Skilled teachers intensify learning by providing authentic instruction and meaningful assignments while holding high expectations for all students. Such assignments deal with the significant concepts of a discipline, incorporate higher-order thinking skills, are connected to the “real world,” and allow substantial time for discussion and idea sharing among students (Peterson, 1995). Furthermore, teachers can employ several learning models to create active learning environments that reflect a shift in the relationships among teachers, students, and knowledge. In these environments, students work together to frame their own questions and investigate them. Active environments require collaboration and communication, and encourage more analysis, synthesis, and evaluation of information than do traditional classrooms (North Central Regional Educational Laboratory, 2000). Active learning environments require students to take responsibility for their own learning and develop strategies for learning (Costello, 1996). Instruction in active environments emphasizes depth of learning rather than breadth of learning (Peterson, 1995).

Is this the kind of learning our retainees experienced? Did we do enough? Did they get the best instruction and intervention along the way? Did we teach them to read for comprehension? Did we involve the necessary support personnel? Did we form relationships with the students and their families? Can we ever do enough? I guess when our graduation rate is in the 95%-100% range instead of only 79%, then perhaps I’ll be satisfied. The problem for me is that they’re not statistics, they’re kids who I know, and I also know they’re much better off entering the world with a diploma.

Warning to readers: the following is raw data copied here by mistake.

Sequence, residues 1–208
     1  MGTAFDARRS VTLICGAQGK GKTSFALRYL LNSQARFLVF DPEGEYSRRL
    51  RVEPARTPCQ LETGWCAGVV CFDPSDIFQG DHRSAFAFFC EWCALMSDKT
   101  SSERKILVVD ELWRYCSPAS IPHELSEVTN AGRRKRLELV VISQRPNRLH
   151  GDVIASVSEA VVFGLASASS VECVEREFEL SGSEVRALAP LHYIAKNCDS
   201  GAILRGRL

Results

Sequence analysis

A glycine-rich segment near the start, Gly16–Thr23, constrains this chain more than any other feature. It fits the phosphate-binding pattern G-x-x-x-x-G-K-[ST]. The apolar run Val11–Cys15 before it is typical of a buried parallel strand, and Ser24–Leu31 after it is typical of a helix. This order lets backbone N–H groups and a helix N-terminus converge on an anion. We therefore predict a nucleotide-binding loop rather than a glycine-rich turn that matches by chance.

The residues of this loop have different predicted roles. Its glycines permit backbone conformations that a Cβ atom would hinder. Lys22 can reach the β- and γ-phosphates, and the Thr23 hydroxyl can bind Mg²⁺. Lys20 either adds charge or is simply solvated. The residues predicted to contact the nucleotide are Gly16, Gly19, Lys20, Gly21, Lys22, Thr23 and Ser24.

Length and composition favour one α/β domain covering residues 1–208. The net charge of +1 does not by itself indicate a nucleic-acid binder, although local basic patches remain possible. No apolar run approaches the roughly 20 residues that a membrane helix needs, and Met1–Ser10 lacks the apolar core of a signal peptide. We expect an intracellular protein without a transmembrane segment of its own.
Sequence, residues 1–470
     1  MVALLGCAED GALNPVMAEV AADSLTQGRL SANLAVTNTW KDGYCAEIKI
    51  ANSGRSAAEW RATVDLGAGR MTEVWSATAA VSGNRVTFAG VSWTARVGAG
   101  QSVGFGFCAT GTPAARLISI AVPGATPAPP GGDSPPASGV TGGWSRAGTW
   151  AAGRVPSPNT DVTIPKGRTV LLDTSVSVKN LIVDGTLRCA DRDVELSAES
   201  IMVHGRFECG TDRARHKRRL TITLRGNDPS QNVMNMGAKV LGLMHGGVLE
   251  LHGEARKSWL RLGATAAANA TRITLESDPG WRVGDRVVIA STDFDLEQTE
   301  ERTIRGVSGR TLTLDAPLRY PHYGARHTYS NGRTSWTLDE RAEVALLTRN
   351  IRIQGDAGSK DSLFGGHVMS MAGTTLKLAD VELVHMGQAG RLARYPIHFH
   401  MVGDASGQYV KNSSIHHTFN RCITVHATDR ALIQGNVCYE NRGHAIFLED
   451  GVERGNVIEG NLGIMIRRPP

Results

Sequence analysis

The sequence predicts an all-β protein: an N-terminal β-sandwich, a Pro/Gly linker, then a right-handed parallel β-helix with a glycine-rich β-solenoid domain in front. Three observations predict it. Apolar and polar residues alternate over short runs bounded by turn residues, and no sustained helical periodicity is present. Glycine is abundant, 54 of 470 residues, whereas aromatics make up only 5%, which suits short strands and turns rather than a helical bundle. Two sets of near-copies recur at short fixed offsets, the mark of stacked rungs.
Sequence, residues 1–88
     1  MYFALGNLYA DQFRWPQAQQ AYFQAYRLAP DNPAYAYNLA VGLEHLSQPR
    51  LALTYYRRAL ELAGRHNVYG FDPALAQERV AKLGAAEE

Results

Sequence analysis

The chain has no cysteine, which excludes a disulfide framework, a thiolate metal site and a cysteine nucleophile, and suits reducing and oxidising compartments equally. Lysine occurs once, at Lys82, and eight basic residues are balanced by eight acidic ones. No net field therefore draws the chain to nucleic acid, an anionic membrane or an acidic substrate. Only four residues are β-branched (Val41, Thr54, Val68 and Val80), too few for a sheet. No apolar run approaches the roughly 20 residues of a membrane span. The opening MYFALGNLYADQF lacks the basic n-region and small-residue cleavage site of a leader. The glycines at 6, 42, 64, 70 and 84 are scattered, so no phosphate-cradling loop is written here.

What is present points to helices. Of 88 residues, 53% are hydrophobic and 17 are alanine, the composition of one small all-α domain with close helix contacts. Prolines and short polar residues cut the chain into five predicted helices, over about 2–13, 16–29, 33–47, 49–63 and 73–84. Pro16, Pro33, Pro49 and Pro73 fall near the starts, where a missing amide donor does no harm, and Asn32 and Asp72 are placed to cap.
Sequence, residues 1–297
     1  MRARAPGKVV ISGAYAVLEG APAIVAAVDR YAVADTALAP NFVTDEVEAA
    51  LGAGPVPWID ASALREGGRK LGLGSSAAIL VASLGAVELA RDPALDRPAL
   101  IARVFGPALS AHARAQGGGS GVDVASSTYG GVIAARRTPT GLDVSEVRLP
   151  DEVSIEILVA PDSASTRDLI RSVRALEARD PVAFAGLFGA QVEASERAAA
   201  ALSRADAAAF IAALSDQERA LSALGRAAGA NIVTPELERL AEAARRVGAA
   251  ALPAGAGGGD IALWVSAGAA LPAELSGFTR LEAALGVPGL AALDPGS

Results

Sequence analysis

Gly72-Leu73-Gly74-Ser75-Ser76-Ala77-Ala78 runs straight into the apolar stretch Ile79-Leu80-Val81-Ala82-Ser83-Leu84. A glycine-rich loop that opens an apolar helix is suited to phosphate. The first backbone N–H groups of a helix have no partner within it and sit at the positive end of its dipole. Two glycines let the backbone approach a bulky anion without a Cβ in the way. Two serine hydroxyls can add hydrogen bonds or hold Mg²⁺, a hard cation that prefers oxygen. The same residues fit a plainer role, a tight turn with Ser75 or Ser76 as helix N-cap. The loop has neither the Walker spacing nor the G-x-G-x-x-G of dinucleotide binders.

Hooked on learning

I think this blogging gig is actually leading to meaningful conversations about education. Face to face conversations. I’m running into teachers and students in the hallway who have read a blog post and then want to talk about it. This is much different than the casual, “how’s it going?” conversations that normally take place. They are a meaningful dialogue where both professionals and students are reading, reflecting, and responding.

Blogging may just lead to a professional learning community where we talk more about our ideas on education than the lack of toner in the printers. Even on a bad day at work, when I’m inundated with tasks that seem mundane or meaningless, I feel energized by what I read. I’m reminded, every day, of what’s important in education.